I would like to analyze my dataset with around 1 million observations and 10 thousand fixed effects with a negative binomial regression model. Due to the high number of fixed effects I cannot apply 'glm' / 'glm.nb' from 'MASS' package.

To handle high dimensional fixed effects I found 'feglm' ('alpaca' package). It is working, but I have to provide a value for theta as in 'glm'. To find the optimal theta you can use 'glm.nb' (if you don't have that much variables or fixed effects). A similar function is missing for 'feglm'.

I tried to transfer the approach of 'glm.nb'. This is my result:


repeat {

feglm_negbin <- feglm(y ~ x1 + x2 + x3 + x4 | fe1 + fe2 , data=dataset, family = negative.binomial(theta[i]))

theta.value=theta.ml(data$Aenderungen_Technik,fitted(feglm_negbin), limit=1000)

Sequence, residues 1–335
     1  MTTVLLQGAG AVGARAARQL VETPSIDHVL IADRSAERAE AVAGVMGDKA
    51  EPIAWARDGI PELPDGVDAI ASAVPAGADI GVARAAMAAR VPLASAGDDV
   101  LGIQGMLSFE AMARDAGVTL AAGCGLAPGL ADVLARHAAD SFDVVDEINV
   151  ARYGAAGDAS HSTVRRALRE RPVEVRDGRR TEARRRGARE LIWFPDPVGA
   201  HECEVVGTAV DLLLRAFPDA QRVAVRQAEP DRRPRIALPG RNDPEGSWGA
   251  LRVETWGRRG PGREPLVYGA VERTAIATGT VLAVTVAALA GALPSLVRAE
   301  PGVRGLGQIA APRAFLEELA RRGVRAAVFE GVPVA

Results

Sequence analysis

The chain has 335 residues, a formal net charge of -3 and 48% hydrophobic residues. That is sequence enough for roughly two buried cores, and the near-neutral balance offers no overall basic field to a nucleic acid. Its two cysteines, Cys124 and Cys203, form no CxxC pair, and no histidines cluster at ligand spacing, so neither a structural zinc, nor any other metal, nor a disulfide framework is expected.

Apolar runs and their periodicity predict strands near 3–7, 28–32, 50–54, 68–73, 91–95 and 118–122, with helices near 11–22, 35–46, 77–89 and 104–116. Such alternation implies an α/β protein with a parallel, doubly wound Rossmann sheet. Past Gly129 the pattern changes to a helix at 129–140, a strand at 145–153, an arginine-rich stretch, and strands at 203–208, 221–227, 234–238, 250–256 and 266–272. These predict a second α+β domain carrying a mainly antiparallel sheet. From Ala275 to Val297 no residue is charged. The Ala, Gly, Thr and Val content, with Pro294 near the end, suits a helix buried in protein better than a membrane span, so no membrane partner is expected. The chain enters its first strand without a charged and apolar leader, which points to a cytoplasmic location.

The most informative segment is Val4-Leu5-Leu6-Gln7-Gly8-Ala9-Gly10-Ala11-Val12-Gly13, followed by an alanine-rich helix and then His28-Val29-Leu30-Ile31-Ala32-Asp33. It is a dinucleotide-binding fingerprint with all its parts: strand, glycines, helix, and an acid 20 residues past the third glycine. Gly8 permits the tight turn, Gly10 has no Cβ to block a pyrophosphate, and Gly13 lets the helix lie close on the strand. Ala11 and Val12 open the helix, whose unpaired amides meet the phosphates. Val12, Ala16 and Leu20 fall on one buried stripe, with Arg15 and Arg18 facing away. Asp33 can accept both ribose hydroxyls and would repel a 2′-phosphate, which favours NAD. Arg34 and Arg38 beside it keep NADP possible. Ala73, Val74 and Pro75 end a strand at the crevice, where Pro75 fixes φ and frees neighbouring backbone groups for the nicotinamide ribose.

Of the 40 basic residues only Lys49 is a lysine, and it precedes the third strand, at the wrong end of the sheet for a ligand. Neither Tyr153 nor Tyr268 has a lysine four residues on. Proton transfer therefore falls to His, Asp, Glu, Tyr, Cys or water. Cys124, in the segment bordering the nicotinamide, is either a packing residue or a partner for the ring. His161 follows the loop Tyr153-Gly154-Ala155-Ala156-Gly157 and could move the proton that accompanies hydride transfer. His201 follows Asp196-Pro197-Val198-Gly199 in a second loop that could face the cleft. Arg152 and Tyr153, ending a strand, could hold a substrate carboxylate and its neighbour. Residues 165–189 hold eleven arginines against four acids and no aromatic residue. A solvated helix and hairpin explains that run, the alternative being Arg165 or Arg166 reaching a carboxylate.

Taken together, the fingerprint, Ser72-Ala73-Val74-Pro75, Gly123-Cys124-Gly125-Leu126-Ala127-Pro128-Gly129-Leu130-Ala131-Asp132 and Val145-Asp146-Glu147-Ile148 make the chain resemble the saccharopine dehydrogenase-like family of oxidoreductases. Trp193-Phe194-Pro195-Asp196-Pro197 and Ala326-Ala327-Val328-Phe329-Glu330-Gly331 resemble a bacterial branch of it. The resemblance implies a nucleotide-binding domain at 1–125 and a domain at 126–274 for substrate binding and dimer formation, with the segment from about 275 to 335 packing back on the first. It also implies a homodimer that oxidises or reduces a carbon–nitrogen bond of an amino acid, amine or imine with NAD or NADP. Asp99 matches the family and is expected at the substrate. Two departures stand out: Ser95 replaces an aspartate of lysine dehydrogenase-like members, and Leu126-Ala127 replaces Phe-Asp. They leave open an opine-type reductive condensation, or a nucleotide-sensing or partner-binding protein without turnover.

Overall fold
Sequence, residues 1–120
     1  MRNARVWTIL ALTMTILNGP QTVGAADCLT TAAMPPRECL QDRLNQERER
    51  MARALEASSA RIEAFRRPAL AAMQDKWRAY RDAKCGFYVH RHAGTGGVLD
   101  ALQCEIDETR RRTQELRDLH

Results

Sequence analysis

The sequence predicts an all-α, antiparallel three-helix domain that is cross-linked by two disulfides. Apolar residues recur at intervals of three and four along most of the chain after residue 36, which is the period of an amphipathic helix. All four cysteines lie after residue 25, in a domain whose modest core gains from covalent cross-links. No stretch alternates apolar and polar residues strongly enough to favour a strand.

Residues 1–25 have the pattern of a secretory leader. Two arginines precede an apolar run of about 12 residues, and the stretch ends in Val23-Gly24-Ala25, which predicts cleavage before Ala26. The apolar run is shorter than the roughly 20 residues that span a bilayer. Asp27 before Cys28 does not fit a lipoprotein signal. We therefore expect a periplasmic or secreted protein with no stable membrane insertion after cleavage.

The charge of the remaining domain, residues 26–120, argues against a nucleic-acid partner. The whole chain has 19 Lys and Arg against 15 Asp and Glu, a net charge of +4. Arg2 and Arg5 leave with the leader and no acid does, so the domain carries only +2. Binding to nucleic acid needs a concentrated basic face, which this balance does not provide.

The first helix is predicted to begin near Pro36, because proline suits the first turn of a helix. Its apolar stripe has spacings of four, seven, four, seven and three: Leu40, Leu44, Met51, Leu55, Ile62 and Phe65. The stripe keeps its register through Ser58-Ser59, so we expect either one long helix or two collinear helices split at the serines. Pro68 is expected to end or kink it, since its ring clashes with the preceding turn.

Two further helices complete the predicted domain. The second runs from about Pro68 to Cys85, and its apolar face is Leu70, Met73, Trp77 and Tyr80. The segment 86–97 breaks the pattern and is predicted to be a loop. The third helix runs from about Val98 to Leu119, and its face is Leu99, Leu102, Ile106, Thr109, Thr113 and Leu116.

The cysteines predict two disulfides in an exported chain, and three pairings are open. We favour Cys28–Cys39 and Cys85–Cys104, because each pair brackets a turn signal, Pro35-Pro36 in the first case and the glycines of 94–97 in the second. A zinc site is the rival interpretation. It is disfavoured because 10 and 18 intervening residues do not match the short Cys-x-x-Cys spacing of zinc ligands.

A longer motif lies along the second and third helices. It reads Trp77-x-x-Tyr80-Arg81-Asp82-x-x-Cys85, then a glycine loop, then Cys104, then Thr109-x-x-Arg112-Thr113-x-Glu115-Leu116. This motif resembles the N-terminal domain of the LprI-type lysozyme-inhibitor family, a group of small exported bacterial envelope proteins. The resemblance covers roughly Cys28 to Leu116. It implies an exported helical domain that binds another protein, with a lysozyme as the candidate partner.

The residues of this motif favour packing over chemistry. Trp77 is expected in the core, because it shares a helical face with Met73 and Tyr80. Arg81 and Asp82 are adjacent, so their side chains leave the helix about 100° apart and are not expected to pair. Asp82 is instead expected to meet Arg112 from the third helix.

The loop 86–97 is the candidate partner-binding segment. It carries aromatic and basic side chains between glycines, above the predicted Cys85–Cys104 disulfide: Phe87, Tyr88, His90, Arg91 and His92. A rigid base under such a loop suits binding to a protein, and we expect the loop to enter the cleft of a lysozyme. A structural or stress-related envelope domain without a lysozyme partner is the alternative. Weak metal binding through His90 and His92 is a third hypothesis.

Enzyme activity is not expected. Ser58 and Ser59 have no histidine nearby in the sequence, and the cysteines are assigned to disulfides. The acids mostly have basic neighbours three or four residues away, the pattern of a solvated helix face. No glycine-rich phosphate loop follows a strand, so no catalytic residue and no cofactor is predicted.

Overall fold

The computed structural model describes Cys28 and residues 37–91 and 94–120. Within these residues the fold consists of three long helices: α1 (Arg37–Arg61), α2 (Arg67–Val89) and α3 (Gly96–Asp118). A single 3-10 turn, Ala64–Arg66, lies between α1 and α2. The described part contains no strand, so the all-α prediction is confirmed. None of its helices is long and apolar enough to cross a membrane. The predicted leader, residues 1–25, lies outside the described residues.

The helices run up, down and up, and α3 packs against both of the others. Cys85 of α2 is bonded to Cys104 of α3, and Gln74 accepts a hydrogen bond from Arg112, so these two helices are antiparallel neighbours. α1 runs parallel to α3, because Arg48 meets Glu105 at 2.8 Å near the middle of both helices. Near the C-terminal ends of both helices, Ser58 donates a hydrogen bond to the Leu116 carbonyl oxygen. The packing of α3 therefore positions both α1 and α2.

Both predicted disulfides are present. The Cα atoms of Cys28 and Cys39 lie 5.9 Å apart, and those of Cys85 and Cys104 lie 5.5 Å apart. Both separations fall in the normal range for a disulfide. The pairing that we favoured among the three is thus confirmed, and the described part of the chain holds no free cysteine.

if (theta[i]-theta[i-1]<=0.00001) {break} }

As stopping criterion I chose a small value (0.00001), because I do not know the statistical correct definition of it.

  • Does this procedure make sense? Is it correct?
  • What is the statistical stopping criterion in 'glm.nb'? Can I transfer it to my approach?

1 Answer 1


your idea was fine. Find attached an example that shows that glm.nb() and feglm() produce the same estimates.


### Load data set ###
data("PatentsRD", package = "pglm")

### benchmark MASS glm.nb() ###
nb1 <- glm.nb(patent ~ rdexp + spil + factor(firm) + factor(year) + 0, data = PatentsRD)

### using alpaca feglm() ####
i <- 1
theta <- 1
repeat {
  nb.alpaca <- feglm(patent ~ rdexp + spil | firm + year, data = PatentsRD,
                     family = negative.binomial(theta))
  theta.old <- theta
  theta <- theta.ml(PatentsRD$patent, fitted(nb.alpaca), limit = 1000)
  if (abs(theta - theta.old) <= sqrt(.Machine$double.eps)) break
  i <- i + 1

### Final estimation with converged \theta ###
nb.alpaca <- feglm(patent ~ rdexp + spil | firm + year,
                   data = PatentsRD, family = negative.binomial(theta))

### Compare ###

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